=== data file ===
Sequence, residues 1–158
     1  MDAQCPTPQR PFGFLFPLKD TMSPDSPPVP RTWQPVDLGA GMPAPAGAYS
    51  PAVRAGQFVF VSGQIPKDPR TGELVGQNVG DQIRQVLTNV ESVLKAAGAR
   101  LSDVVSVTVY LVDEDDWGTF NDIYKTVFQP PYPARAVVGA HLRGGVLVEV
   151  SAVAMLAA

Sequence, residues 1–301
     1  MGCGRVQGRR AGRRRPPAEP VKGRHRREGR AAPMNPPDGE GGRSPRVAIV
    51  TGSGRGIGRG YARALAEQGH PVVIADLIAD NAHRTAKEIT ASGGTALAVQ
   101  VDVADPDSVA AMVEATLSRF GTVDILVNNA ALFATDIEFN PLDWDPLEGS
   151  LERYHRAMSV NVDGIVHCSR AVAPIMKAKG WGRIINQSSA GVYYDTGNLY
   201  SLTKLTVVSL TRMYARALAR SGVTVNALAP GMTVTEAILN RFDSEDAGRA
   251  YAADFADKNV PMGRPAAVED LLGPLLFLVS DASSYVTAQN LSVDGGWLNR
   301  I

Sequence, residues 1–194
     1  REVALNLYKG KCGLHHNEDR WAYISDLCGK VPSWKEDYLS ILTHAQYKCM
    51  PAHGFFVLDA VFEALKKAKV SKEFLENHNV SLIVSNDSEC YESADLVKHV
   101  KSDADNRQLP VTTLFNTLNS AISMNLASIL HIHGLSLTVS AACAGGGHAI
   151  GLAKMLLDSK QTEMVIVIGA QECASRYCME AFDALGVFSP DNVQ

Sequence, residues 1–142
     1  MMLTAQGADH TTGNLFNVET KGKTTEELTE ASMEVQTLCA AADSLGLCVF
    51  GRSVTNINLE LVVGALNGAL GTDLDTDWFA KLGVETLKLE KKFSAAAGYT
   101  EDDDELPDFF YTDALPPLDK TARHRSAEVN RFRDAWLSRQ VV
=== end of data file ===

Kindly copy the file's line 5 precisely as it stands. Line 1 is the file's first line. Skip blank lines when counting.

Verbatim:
   151  SAVAMLAA